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[maint] The GDB maintenance process
- From: Daniel Jacobowitz <drow at mvista dot com>
- To: gdb at sources dot redhat dot com
- Date: Mon, 17 Feb 2003 13:07:09 -0500
- Subject: [maint] The GDB maintenance process
I get the feeling I'm already pretty unpopular for some of my opinions on
how GDB maintenane should work. This isn't going to make it any better, but
I feel it should be said.
I believe that our current process has some problems. Let me try to
explain. First, to make sure we're all on the same page...
What does it mean to be a Global Maintainer, in practice?
- A certain amount of autonomy in the areas of GDB that no one wants to
take specific responsibility for. There's no specific maintainer for
things like the frame support or the type/value systems.
- A little more freedom in approving patches to other people's areas of
GDB - not a lot, but it's definitely there.
[In practice, this depends on:
o How much risk you're willing to take of annoying people.
o How likely other maintainers are to shout at you about it.]
- Authority to approve patches covering general debugger issues.
What does it mean to be a maintainer for a specific host/target/subsystem,
- The authority to approve patches and apply your own patches to that area
of the debugger.
I'd like everyone to notice one thing missing from the above list. No one
has the _responsibility_ for approving patches. This is a volunteer
project, and anyone who's watched it in action for a little while will see
that the volunteers are often busy and distracted. There's no one who
can handle or should have to handle the responsibilities of patch approval.
Another thing to think about: because of the layout of the above, there is
frequently no one who has the _right_ to approve a patch. They require
buy-in from a number of additional maintainers. In addition our volunteers
are often too busy to find time to respond to patches. This impacts patches
from other maintainers (frequently, but generally a small impact) and from
outside contributors (happens less frequently, but larger impact - most of
these never get approved at all, from what I've seen).
Some other GNU projects have a similar setup and don't have this problem.
GCC and binutils are my usual examples. How do they avoid it? They have a
different definition of global maintainer. That's what ours used to be
called - Blanket Write Privileges. The system works a little differently:
- Maintainers for specific areas of the compiler can commit/approve
patches to the areas they maintain without buy-in from a blanket
- Blanket maintainers can commit/approve patches anywhere without buy-in
from a specific area maintainer.
[I hope Richard will forgive me for using him as an example and for putting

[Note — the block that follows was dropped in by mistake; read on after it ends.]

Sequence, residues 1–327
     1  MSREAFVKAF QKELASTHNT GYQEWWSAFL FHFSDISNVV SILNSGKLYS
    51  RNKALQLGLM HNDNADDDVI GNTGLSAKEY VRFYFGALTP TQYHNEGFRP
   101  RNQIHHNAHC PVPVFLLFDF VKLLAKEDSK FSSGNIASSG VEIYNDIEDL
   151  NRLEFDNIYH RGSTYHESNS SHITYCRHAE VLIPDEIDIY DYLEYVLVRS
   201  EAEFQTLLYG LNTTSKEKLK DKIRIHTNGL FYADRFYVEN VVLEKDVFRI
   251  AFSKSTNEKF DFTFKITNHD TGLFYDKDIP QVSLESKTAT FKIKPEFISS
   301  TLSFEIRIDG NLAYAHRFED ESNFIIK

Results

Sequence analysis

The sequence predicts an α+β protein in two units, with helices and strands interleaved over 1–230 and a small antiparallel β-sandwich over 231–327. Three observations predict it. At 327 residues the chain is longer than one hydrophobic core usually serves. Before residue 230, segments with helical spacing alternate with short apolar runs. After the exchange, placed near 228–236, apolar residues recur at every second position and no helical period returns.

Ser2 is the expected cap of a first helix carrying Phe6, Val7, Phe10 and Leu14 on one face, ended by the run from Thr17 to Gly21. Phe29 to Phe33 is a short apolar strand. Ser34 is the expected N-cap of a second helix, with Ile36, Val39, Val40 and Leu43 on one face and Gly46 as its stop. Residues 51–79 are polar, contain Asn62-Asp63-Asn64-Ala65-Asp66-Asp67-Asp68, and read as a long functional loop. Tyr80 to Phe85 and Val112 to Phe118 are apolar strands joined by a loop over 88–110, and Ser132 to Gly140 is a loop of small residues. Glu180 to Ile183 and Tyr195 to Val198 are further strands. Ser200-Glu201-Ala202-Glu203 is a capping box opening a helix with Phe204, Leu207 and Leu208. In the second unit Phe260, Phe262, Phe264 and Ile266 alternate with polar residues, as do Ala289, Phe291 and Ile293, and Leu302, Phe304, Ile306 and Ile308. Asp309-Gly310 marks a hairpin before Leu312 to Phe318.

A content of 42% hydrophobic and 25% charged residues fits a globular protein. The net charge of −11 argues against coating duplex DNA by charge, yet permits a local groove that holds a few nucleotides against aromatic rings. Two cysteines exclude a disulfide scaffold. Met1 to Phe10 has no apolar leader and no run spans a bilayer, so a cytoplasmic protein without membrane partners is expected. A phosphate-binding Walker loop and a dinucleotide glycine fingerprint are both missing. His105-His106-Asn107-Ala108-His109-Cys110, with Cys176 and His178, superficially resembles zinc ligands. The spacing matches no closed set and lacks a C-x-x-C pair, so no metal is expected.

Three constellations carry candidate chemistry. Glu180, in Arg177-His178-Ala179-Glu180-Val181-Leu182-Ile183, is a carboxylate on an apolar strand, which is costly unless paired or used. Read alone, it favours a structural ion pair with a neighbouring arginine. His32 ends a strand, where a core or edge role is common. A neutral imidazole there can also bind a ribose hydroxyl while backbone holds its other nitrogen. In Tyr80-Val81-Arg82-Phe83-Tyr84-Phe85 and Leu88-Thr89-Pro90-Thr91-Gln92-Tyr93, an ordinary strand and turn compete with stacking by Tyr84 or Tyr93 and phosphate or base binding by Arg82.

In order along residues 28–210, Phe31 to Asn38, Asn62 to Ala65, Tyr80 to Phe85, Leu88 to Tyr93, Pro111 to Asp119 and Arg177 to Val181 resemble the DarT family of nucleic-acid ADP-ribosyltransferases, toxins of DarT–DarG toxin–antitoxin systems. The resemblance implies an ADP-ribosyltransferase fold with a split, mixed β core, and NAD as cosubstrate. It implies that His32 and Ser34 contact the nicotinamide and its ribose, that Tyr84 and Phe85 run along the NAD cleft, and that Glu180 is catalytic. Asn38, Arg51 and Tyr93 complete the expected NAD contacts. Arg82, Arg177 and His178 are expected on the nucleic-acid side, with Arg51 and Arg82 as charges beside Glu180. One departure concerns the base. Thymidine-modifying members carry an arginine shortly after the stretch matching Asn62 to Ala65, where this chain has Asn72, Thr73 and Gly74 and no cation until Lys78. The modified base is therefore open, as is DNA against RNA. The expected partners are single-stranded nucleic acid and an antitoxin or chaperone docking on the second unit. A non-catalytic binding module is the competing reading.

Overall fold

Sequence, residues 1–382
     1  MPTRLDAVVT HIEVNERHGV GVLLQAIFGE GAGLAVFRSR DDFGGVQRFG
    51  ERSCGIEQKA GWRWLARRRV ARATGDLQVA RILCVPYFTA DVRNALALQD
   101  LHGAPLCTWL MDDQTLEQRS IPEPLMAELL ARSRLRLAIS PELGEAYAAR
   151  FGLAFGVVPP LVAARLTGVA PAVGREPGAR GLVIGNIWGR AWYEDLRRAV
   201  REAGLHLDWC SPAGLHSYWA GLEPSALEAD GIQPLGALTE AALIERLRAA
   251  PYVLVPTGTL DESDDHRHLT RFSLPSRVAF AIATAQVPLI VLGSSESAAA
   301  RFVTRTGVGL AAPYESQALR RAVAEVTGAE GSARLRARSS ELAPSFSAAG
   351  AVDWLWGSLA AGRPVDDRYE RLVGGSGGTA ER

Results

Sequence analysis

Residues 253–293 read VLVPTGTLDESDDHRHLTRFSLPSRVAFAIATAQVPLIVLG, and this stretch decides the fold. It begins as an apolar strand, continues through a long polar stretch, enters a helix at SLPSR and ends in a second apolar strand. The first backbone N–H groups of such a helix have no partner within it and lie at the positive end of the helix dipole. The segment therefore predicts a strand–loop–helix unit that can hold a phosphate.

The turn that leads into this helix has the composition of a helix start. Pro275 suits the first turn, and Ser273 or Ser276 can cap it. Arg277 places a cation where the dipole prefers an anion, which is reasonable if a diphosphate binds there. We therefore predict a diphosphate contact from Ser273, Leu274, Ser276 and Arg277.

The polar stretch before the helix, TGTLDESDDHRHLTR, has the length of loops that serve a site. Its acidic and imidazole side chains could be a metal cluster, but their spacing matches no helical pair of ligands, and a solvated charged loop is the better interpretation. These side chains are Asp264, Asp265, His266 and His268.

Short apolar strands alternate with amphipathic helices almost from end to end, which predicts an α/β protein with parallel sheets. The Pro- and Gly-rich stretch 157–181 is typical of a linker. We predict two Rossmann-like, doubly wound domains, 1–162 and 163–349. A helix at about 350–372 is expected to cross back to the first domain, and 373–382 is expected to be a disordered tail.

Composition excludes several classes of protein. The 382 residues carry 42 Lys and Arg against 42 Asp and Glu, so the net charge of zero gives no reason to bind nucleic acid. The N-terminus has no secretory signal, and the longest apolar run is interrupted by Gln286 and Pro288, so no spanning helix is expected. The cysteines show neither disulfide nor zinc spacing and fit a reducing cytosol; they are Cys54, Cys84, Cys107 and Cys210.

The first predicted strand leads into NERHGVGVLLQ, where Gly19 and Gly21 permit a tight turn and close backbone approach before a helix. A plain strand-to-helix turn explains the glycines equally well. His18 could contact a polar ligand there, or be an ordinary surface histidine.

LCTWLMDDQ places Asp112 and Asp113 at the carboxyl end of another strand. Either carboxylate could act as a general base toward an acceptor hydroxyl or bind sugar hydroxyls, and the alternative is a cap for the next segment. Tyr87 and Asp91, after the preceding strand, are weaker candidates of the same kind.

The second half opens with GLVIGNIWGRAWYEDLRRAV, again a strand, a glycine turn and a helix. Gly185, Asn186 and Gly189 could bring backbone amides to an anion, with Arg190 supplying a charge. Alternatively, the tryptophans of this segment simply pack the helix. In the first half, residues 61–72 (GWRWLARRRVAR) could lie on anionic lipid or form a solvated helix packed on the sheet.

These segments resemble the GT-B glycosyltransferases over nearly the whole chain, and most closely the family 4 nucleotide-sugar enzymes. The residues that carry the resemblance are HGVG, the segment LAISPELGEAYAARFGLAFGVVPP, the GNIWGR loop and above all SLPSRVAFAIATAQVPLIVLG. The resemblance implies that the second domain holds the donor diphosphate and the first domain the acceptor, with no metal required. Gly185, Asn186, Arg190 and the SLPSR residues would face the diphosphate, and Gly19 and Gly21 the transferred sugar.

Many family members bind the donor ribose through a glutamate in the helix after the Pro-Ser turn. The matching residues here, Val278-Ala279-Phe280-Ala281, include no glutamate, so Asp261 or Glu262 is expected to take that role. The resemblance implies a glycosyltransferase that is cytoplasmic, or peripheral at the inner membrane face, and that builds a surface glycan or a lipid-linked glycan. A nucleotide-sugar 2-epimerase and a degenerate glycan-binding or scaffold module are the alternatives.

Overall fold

words in his mouth...] This doesn't replace common sense - you generally
won't find Richard Henderson approving patches to the C++ frontend, because:
- He knows he isn't familiar with it
- He knows it has an active set of maintainers at all times
Similarly, just because he can check in patches to any target backend, that
doesn't mean he won't ask a target maintainer to look over it first. If
someone objects to a patch in their area, he would generally not just check
it in anyway. If they object to it after he checks it in, the two will
discuss the problem like reasonable people and come to some agreement.
Some noticeable differences between these two models:
- In the GCC model, more people are able/likely to check in patches which
- But in the GCC model, more people are able/likely to check in patches to
fix it afterwards.
- Because more people have the privilege of approving a given patch,
and fewer people's approvals are needed for any particular patch,
patches (usually) get approved more quickly.
- Development can happen more quickly, and does not get slowed to a
standstill when (say) one of us is pulled off of community GDB work for
an urgent customer project. This happens all the time - I've never seen
all the GDB maintainers with time for GDB at the same time.
Right now, we use stricter policies to prevent problems which cause
breakage. I think these policies are stifling us. Loosening them (and
maybe adding a formal patch reversion policy) would let more people fix
problems more easily, as they arise, without slowing development.
If there are people on our Global Maintainer list that we don't think should
be trusted with the extra responsibility of the above, then perhaps we need
to rethink who belongs in that list. I'm not pointing any fingers - I don't
have anyone in mind, and I've been quite happy working with absolutely all
of the current team. Just putting the idea out.
I've discussed this general situation with a (small) sampling of other GDB
developers and contributors - enough to know that I'm not alone in my
concerns. These aren't entirely my own words, either. I'll let other
people take credit/blame for them if they want to, and if I've represented
their opinions accurately.
MontaVista Software Debian GNU/Linux Developer